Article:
Friday, April 16, 2010

The Story of Courage

I first saw this story on the news, and then on Facebook. I had to reprint it and show the pictures just so you would really understand the type of human garbage we are dealing with here; The type of "person" that would do this to this poor dog. Clearly he had a will to live because he hung on..but just barely. I am told that they have caught the woman that did this, and if you can believe it-She is a vet tech!!! She turned herself in.
Story below:

Sometimes a level of human cruelty exists that is so profound one cannot conceive how such an abomination is tolerated by our judiciary system. One week ago German Shepherd Rescue of Orange County received a phone call from a concerned citizen, who chose to remain anonymous, reporting an incident of animal abuse: A three-year-old German Shepherd had been tied up on a chain to a tree in for an estimated 5 to 6 weeks without food or water.

When GSROC found the dog, he was lying depleted on the ground too weak to physically lift his own head! At 37 pounds, he was literally skin and bones. A healthy German Shepherd his age normally weighs between 75-85 pounds. He bore the vacant gaze of an animal so overtaken by the war waged upon him that the ghost of his own death had long since been beckoning. In fact, to look at him one couldn’t even be certain he was still a living dog. His was the image of a creature who had all but given up mentally and physically. However, it was a sheer force of will that allowed this dog to survive for as long as he had. And for that he was aptly named “Courage.”

The GSROC rescuer raced against the clock trying to get Courage to the emergency care at the Community Veterinary Hospital in Garden Grove. She feared he might not even make it to the hospital. Once there extensive emergency treatment was immediately enacted upon him including a thorough GI flush, blood, plasma, electrolyte and vitamin transfusions, antibiotics and fluids. Numerous tests were also conducted to determine organ functionality. This initial examination revealed that he, literally, would not have been able to survive one more day in those conditions. He’d held on as long as he could. When flushing out his intestinal tract to remove blockage found in the system, the vet learned it was full of dirt and rocks – Courage had been eating dirt and rocks to survive. Dirt and rocks.

Vet holding up Courage's head (Photo courtesy of GSROC)

To counteract the possibility that perforations may have been made to his intestines by the ingested rocks and dirt, the vet put Courage on an “AD” diet which is high in nutrients but with a consistency similar to human baby food. Small, frequent feedings are necessary to re-acclimate his body to food. If he responds favorably he will be moved onto an “ID” diet which more closely resembles regular dog food. Over the past couple of days his care givers have noticed his appetite increasing (which is good) – so much so that he even tried nibbling the blankets and bowls! Since he’s been in the 24-hour care of GSROC and the Community Veterinary Hospital he has gained five pounds.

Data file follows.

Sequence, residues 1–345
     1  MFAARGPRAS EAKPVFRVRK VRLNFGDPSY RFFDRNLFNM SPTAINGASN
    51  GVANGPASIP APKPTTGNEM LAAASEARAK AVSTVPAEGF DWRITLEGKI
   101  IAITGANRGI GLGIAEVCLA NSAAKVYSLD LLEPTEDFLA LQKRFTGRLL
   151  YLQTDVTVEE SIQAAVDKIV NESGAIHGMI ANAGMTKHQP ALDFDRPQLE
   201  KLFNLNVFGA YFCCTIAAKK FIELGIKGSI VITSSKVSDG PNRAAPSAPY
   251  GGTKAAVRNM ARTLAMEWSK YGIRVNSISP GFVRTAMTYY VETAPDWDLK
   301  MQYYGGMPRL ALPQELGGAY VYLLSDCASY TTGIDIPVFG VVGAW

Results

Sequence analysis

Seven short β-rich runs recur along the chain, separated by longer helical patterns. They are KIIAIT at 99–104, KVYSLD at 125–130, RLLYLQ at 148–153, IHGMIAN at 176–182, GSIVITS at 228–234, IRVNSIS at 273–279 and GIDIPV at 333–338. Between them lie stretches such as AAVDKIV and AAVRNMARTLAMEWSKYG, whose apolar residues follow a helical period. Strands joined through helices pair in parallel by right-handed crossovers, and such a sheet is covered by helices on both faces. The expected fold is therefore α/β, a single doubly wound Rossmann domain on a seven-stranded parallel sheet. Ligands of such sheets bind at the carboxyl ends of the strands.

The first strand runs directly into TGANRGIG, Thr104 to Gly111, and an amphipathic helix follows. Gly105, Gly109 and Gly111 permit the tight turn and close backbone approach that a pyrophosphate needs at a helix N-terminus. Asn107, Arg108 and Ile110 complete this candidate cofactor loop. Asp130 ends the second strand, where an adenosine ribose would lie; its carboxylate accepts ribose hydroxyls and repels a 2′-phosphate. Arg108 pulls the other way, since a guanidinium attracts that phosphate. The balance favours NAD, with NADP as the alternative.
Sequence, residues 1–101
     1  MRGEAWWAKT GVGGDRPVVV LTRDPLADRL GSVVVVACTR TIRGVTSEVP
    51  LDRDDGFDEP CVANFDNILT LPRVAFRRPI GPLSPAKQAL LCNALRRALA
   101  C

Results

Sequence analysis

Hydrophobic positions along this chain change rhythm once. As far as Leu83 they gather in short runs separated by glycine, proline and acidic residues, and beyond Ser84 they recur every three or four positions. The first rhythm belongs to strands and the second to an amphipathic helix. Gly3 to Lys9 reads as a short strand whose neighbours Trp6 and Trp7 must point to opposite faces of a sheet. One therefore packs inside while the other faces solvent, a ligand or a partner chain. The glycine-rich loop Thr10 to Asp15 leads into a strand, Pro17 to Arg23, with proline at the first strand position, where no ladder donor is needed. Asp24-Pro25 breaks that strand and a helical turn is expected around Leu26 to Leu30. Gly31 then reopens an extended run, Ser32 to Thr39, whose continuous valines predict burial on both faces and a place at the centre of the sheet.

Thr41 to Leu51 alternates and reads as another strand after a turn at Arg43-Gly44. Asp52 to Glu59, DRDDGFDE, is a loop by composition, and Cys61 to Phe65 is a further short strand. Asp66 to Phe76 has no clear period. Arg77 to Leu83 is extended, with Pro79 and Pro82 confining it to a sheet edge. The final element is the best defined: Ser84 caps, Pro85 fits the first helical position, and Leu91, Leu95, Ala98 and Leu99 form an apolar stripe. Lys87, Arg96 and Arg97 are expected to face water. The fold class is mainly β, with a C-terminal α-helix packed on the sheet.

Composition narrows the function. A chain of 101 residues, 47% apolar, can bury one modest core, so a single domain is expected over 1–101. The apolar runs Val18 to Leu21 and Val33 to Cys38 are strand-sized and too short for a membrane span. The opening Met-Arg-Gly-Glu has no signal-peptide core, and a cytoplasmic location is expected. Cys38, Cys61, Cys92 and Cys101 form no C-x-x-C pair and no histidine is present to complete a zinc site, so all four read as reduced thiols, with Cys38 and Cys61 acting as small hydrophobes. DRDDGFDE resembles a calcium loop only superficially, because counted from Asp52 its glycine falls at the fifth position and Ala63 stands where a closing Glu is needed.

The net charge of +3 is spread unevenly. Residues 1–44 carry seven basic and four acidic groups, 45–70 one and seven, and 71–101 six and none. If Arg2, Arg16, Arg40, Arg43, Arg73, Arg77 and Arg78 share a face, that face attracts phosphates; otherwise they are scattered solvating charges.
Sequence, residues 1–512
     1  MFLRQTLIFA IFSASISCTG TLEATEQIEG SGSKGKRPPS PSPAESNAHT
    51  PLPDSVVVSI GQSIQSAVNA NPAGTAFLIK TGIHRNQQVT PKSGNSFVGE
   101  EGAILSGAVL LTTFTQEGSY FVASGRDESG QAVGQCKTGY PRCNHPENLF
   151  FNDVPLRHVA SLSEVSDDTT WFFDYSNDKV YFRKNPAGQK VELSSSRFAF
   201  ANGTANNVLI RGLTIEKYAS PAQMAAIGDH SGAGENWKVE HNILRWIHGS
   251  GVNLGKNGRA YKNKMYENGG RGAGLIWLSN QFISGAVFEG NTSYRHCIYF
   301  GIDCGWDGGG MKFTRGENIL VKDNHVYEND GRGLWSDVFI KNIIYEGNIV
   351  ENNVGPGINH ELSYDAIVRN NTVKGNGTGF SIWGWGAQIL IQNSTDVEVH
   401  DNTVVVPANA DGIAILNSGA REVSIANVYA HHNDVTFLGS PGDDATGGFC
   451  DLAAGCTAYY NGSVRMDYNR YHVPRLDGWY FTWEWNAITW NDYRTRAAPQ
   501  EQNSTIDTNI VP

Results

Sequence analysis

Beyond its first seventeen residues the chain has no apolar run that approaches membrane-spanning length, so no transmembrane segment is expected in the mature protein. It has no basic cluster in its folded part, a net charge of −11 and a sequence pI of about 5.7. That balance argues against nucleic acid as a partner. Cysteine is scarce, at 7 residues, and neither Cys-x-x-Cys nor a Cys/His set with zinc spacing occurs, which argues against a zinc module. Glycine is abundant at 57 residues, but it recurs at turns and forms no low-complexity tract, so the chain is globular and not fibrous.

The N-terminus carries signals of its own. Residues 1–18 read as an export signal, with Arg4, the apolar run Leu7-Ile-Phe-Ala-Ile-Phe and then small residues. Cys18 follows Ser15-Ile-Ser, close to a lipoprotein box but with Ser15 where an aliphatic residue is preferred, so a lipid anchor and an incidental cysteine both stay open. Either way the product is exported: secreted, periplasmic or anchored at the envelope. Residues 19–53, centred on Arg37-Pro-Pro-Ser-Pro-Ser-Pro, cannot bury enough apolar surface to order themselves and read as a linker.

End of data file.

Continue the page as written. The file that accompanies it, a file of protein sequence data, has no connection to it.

During the day Courage remains in the ER clinic amid bounteous fluffy pillows, regular feedings and the kind strokes and surveillance of sympathetic staff. He is no longer on IVs or being fed via syringe. Come nightfall he goes home with a trained veterinary technician, who continues to feed him small meals at regular intervals. Transporting him involves placing him on a stretcher and carrying him to and fro. Since he has no remaining muscle or body fat whatsoever, were he to fall he could seriously injure himself. However, as of Tuesday this week he triumphantly took a few baby steps.

Courage one week later, 4/13/10. (Photo courtesy of GSROC)

While he is expected to survive, his recovery will be lengthy and costly. It is currently unknown the extent of permanent damage done to his system; renal or pancreatic complications remain a possibility. As a result, GSROC needs all the help it can get to weather the barrage of impending medical bills. Donations can be made to German Shepherd Rescue of Orange County through their customary donation page or their new First Giving page erected especially for Courage.

Perhaps the most astounding thing about this dog is that despite being a victim of one of the most egregious examples of human cruelty imaginable, the loving little guy still manages to be sweet and mild tempered, showering all those who come near him with friendly kisses.

Both German Shepherd Rescue of Orange County and concerned animal lovers from around the world who’ve caught wind of the story want to see the dog’s abusers prosecuted. One anonymous donor has offered a $1,000 Cash Reward for information leading to the arrest of the person or persons responsible for the heinous crime. While leads had been slight this past week, it was announced yesterday that a 26-year-old woman is under investigation by authorities. If you or someone you know has any information on who may have done this to poor Courage, you are urged to contact

You can help increase the chances of Courage finding enough donations for his extensive medical care by posting this article to your Twitter, Facebook or MySpace page.

To learn more about him, call this number: (714) 974.7762 at German Shepherd Rescue of Orange County, a registered non-profit 501c(3) organization serving Orange County, Greater Los Angeles, San Bernardino, Riverside and more.

To See Courage’s interview with KTLA click here.

Please remember to spay/neuter, tag and microchip your companion animals.

Foster. Adopt. Donate. Recirculate. Help increase the chances of an animal's continued life.

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